The ICS MicroChurch System is an economical product ($995 for all modules combined) produced by a company that has worked with churches since 1985 and, according to Stephen D. Greer, Marketing Vice-
President, has “over 100 installations in churches from New York to Hawaii.

We contacted seven of the 15 references furnished by ICS, and found a mixture of comments mostly indicating a newly-updated product that is considerably improved over older. versions. Peggy Histed, financial secretary at the 600 member Living Word International said “We are just getting back on the system after we made a mistake 4 months ago. Steve Greer with ICS has visited us and installed the updated system. We are now reinstalling everything with account numbers that will provide us with better reports…The new updated system is great the reports are much easier to read, we liked it before and we like it even better now.”

As might be expected there are some compromises in order to deliver an easy-to-use system at a bargain price. The accounting system is cash-based, which does-not permit accruals to match income and expense.
With income and expenses not coinciding the distortions of five Sunday months (overstating income) on three payday months (overstating expense) can be misleading. Depreciation expense is not recorded,
which can tend to cause church boards to fail to accumulate monies needed for building and equipment repair and replacement. The use of designated accounts as “pass-throughs” involving an increase in
liabilities but not in income when monies are collected for third parties could be very misleading to a church board trying to analyze the giving habits of — its members. The system will account for contributions in other ways, as user options. Yet if one is willing to explain, to dig, and to understand, the information is mostly available and the accounting assumptions permit a lack of local expertise without rendering the system inoperable.

Several users expressed the type of mild discontent that is present when a system partially meets needs. What is often poorly realized, and must always be remembered, is that the more needs that are met the
higher the ultimate cost (assuming equal customer base and profit margins). Pastor James Forley of the 350 member Calvary Christian Center of Clay, New York said, “…at first something was missing with
the system, but later this was corrected. It took some time to get totally on the system – it arrived in January and we were totally operational in May. My reports are very satisfactory.” Jeanne Nagye,
financial and church secretary for the 350 member First Baptist Church of Berkley (West Virginia) said that the system needed a better breakdown on financial reporting.

“With designated contributions combined and treated as “pass-throughs” our members need more information with these areas better defined,” she said. “Multiple-format financial statements to suit the needs of various users would be greatly appreciated,” she added. Cathy Woods said, “It would really be convenient to enter more than a first-time contributors name and have this information transfer to the membership side of the MicroChurch system.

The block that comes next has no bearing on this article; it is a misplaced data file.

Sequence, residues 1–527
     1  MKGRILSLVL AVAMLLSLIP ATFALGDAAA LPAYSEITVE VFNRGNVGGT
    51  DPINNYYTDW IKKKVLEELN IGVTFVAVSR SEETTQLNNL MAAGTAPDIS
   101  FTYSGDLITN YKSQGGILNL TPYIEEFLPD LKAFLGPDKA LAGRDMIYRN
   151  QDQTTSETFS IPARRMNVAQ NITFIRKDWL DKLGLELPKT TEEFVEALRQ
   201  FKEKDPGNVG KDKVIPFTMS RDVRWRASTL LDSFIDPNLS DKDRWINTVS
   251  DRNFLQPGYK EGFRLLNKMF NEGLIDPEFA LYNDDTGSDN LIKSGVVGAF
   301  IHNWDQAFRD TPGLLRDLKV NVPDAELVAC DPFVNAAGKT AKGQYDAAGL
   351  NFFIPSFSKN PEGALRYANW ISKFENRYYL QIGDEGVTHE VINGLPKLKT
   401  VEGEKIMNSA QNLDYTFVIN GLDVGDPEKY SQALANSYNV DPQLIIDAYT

Training of customers could be strengthened for the mutual benefit of both MicroChurch and the user. The Faith Gospel Fellowship in San Antonio, Texas, bought the system two years ago, but did not install
it due to the lack of computer literacy at the church. Emestine Smith, administrator, had recently contacted Steve Greer and was very excited about the updated product and the new tutorial. As Jeane Crest said,
“The new tutorial makes the system a not easier…I recommend it” MicroChurch has indicated it does offers training at additional cost

One reference used PC Write without difficulty while another found it “impossible to learn,” and selected another word processor. MicroChurch does interface with Word Perfect 5.0

Company support was commended by all but one reference contacted. Dial up support is available for $60.00 a month, excluding a one time charge of $250 for modem and software.



MicroChurch by ICS appears to be a system on the brink of arrival. They have encountered some hard hits, gone back to the drawing boards, and developed a workable basic financial and membership system. As
they realize, the absence of payroll, inquiries, graphics, and clergy organizers may eliminate some discriminating top-end users who are willing to pay the price for more elsewhere. Yet for under $1000 a
simple system made easy to learn with a special tutorial can meet many of a church’s software needs. For more information write or call; Integrated Computer Systems 417 D Street – P.O. Box 8019 South  Charleston, WV 26303 (304) 744-5566


(The above material is a reprint from an issue of Christian Computing Magazine in Belton, MO.)

Christian Information Network